As I sat in the drawing-room there was a rose still whole in my lap. I had begun to pluck off the petals, when the door-bell rang. Though I heard the voice distinctly when the door was opened, I vow to you, dear Nell, that my chief desire was to get the rose pulled to pieces before I was disturbed. I had flung the last petal into my lap, when the door opened and Mr. Manners came into the room.

He did not speak; he opened his arms, and I ran straight into them, roses and all. The petals rained over us and over the floor. He talked very fast, and I did nothing but cling to him, and endure in silence the weight which his presence could not remove from my mind, while he pleaded passionately for our marriage. He said that it was the extreme of all that was unreasonable, that our lives' happiness should be sacrificed to the insane freak of a hardly responsible mind. He complained bitterly (though I could but confess justly!) of the insulting and intolerable treatment that he had received. He had come, he said, in the first place, to assure himself of my constancy—in the second, for a powerful and final remonstrance with my brother—and, if that failed, to remind me that I should be of age next month; and to convey the entreaty of the Tophams that, as a last resource, I would come to them and be married from their house. I made up my mind, and promised: then I implored him to be careful in his interview with my brother, for my sake—to calm his own natural anger, and to remember Edmund's infirmity. He promised, but I saw that he was slightly piqued by my dwelling so much on Edmund's feelings rather than on his. Ah! Nelly, he had never seen one of the poor boy's rages.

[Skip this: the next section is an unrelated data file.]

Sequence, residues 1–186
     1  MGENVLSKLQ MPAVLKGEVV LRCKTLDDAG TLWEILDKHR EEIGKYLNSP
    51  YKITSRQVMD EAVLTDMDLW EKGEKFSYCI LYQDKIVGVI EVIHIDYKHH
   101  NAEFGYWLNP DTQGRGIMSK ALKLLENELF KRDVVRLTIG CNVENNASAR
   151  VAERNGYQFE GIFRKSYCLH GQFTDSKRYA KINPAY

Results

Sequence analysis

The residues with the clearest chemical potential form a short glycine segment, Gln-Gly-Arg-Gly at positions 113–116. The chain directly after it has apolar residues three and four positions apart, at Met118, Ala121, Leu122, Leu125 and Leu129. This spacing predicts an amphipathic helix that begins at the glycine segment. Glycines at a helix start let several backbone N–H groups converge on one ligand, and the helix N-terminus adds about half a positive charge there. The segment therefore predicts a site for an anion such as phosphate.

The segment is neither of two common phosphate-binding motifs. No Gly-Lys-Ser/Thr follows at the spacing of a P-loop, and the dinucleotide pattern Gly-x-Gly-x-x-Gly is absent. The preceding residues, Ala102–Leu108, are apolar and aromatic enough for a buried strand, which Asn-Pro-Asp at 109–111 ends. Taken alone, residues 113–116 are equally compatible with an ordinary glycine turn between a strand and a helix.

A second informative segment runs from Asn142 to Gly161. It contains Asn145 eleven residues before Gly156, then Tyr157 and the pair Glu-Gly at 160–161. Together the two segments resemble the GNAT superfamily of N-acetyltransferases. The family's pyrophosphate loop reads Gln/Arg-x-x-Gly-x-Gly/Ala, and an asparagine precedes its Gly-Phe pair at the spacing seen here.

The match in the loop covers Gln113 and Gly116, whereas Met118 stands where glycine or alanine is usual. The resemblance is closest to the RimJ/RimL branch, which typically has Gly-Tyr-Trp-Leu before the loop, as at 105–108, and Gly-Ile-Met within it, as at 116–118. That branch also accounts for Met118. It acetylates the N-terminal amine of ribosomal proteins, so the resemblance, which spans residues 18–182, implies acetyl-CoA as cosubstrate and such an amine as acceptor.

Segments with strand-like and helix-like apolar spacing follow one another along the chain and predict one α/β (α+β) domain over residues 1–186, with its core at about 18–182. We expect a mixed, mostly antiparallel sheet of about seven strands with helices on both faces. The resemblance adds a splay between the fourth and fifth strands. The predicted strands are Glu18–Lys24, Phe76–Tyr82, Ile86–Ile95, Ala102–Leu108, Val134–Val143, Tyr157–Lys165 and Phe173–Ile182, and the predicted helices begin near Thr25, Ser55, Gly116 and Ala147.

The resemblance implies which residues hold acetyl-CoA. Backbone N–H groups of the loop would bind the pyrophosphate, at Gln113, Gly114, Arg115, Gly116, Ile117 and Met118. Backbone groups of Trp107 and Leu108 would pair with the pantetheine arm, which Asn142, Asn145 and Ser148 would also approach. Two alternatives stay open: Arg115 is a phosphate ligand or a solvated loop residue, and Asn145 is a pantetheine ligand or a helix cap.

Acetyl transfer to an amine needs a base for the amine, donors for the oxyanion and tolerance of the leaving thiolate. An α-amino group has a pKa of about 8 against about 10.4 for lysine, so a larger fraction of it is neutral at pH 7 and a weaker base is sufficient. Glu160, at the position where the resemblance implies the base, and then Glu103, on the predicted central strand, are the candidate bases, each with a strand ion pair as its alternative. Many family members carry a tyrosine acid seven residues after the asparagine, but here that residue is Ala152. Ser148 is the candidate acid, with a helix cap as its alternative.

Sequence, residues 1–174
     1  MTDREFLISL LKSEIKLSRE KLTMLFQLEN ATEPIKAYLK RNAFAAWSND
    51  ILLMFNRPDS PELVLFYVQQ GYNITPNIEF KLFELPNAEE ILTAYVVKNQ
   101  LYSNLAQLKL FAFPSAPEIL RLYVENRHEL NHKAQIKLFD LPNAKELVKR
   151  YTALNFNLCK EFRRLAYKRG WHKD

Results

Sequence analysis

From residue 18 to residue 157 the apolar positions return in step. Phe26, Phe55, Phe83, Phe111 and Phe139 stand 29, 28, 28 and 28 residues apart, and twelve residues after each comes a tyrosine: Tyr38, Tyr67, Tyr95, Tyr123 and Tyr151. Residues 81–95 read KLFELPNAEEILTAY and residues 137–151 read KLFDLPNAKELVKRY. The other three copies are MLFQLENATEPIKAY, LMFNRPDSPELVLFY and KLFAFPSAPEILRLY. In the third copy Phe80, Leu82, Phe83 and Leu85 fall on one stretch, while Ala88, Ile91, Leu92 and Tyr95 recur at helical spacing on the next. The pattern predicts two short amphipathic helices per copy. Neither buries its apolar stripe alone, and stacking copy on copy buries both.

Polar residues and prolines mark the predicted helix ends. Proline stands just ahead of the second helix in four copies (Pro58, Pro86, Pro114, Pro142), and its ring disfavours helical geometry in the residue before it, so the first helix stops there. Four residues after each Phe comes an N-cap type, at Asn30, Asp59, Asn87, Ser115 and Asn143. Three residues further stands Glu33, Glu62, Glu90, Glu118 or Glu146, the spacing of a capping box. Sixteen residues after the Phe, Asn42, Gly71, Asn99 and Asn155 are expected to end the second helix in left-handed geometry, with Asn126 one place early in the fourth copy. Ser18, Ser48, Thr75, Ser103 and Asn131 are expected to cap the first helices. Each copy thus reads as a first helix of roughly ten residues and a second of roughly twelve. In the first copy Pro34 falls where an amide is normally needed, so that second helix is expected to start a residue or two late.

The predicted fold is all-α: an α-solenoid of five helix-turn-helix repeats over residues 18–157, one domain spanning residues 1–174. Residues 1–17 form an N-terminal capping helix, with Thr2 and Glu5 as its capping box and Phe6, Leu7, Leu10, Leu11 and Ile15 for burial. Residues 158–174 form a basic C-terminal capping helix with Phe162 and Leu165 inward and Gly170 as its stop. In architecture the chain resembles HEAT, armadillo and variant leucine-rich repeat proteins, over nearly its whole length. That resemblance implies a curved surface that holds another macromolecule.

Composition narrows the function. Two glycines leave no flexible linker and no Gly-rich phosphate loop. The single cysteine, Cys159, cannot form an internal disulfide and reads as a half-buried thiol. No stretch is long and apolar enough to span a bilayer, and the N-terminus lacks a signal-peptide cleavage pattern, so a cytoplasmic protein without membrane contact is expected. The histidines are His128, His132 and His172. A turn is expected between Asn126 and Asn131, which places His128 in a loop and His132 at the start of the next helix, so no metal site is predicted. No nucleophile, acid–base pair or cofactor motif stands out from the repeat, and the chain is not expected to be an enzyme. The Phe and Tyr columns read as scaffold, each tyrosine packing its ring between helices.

It may have been half-past six when Mr. Manners arrived; it had just struck a quarter to nine when Edmund came in and found us together. He paused for a minute, clicking his tongue in his mouth, in a way he had when excited; and then he turned upon me, and heaped abuse on insult, loading me with accusations and reproaches. George, white with suppressed rage, called incessantly upon me to go; and at last I dared disobey no longer; but as I went I touched his arm and whispered, "Remember! for my sake." His intense "I promise, my darling," comforted me then—and afterwards, Nelly. I went into a little room that opened into the hall and waited.